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Feds Order Juul to Pull All Products Off the U.S. Market

Formerly SF-based Juul has been ordered by the FDA to pull all of its products off US shelves as regulatory scrutiny of the e-cigarette industry begins.

It’s almost three years to the day since that ethically questioned SF vape startup Juul was Throwing hundreds of millions of dollars around to new office space. But that was right in front of the city board of directors Banned e-cigarettes and vape podsforces a Voting campaign sponsored by Juul on which the vaping company spent an ungodly amount of money before recognizing they couldn’t afford that and only gave up all the effort.

But the voters of San Francisco upheld the ban on steamJuly city ​​skipped, and now its downward spiral is complete. The Associated Press reports that the US Food and Drug Administration has ordered all Juul products from US shelvesand said that the company’s claims that its vape products help smokers quit cigarettes are suspicious or even downright false.

“Today’s action is a further advance in FDA’s commitment to ensure that all e-cigarette and electronic nicotine delivery systems currently marketed to consumers meet our public health standards,” said FDA Commissioner Dr. Robert Califf said in a statement. “The agency has allocated significant resources to review products from companies that make up most of the US market. We recognize that these make up a significant portion of the products available, and many have played a disproportionate role in the rise of vaping among youth.”

Juul’s whole argument has always been that their products help smokers quit. But the FDA now requires vape and e-cigarette companies to do so actually prove this with clinical data. And Juul’s data was “inadequate and inconsistent” in the eyes of the FBI.

Additionally, there’s no denying that Juul has been growing in popularity among teenagers. And come on, they got caught buying ads on Nickelodeon, Cartoon Network and Seventeen Magazineso it’s pretty flimsy to argue that teenage vaping was an unintended side effect.

This will likely be seen as a Biden nanny state crackdown, but the reality is that the FBI has been too slow to regulate e-cigarettes and is only now getting around to investigating this industry. Jul was certainly the most aggressive Anything is possible in the early days of vape marketing, and it has caught up with them. Other nicotine vaporization products are still legal (although you still can’t buy them in SF…unless they’re designed to vaporize cannabis!).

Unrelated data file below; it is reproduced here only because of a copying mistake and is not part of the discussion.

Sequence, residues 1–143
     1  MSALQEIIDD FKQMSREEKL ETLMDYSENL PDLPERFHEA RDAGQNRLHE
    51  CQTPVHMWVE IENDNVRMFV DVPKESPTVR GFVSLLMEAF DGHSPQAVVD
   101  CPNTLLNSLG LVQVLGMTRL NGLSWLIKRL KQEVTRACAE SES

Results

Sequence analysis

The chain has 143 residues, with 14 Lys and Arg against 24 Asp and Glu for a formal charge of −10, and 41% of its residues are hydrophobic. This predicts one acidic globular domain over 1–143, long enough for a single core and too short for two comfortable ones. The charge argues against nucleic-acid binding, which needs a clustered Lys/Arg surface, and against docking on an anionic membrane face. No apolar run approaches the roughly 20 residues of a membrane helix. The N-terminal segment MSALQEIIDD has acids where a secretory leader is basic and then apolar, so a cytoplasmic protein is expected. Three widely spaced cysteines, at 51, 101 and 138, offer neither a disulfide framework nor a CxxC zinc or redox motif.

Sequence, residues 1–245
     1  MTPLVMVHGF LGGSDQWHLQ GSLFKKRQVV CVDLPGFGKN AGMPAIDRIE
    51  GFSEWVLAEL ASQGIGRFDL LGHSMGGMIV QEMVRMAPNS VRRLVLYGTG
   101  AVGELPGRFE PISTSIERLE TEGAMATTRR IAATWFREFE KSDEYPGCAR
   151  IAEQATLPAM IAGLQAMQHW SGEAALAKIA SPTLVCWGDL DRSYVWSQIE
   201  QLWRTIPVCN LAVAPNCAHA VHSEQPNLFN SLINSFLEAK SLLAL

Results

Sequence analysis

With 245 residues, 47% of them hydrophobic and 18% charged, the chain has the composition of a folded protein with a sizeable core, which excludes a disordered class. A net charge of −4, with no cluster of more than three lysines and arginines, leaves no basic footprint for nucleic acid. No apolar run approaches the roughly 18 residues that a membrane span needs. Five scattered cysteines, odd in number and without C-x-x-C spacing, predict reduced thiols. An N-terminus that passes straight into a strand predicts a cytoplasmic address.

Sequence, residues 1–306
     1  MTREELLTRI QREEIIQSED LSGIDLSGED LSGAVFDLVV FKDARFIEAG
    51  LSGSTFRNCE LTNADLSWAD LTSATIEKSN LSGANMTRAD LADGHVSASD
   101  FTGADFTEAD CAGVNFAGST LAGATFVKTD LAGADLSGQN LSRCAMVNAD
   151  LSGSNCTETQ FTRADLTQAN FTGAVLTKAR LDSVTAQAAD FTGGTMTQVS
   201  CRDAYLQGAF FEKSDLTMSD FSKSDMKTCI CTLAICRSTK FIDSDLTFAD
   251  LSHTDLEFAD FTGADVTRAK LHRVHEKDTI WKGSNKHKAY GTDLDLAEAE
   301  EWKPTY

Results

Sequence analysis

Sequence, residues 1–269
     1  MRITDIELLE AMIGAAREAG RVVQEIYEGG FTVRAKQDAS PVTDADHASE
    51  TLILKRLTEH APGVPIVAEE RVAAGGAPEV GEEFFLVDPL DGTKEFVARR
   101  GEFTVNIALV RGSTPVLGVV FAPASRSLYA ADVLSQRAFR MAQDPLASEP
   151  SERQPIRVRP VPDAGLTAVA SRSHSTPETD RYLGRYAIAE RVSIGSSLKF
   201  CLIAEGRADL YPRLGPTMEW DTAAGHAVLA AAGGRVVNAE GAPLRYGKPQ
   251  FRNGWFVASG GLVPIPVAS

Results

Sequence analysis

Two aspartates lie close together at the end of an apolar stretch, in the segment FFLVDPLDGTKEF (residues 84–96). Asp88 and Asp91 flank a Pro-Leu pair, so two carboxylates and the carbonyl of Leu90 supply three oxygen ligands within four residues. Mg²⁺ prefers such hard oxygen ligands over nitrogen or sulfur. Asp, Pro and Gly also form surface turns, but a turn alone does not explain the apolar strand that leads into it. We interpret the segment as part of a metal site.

It’s a bit ironic that the pandemic has been a major financial blow to the vape industry. As the AP points out, there has been “a nearly 40% drop in teen vaping rates as many children have been forced to study from home during the pandemic.”

And Juul has been losing market share since its pre-2020 heyday. The AP says that 2021 data “showed that Juul was the fourth most popular vape among high schoolers who vape regularly.” Although they add, rather discouragingly, that “the most popular brand was a disposable e-cigarette called the Puff Bar, which comes in flavors like pink lemonade, strawberry, and mango.”

So what happens now? Juul has to drag their products, and stores can’t carry them. but possession of Juul products is not illegal. The FDA says they “cannot and will not take action against individual consumers’ possession or use of JUUL products or other tobacco products.”

Juul started three years ago Selling its products in China and more than a dozen other countries, and also sell online.

Related: Juul knowingly sold more than a million contaminated vape pods, exec claims fired [SFist]

NEW YORK, NEW YORK – JANUARY 27: A tobacconist promotes and sells Juul tobacco products as vaping remains popular despite health warnings on January 27, 2020 in Midtown Manhattan, New York City. (Photo by Andrew Lichtenstein/Corbis via Getty Images)

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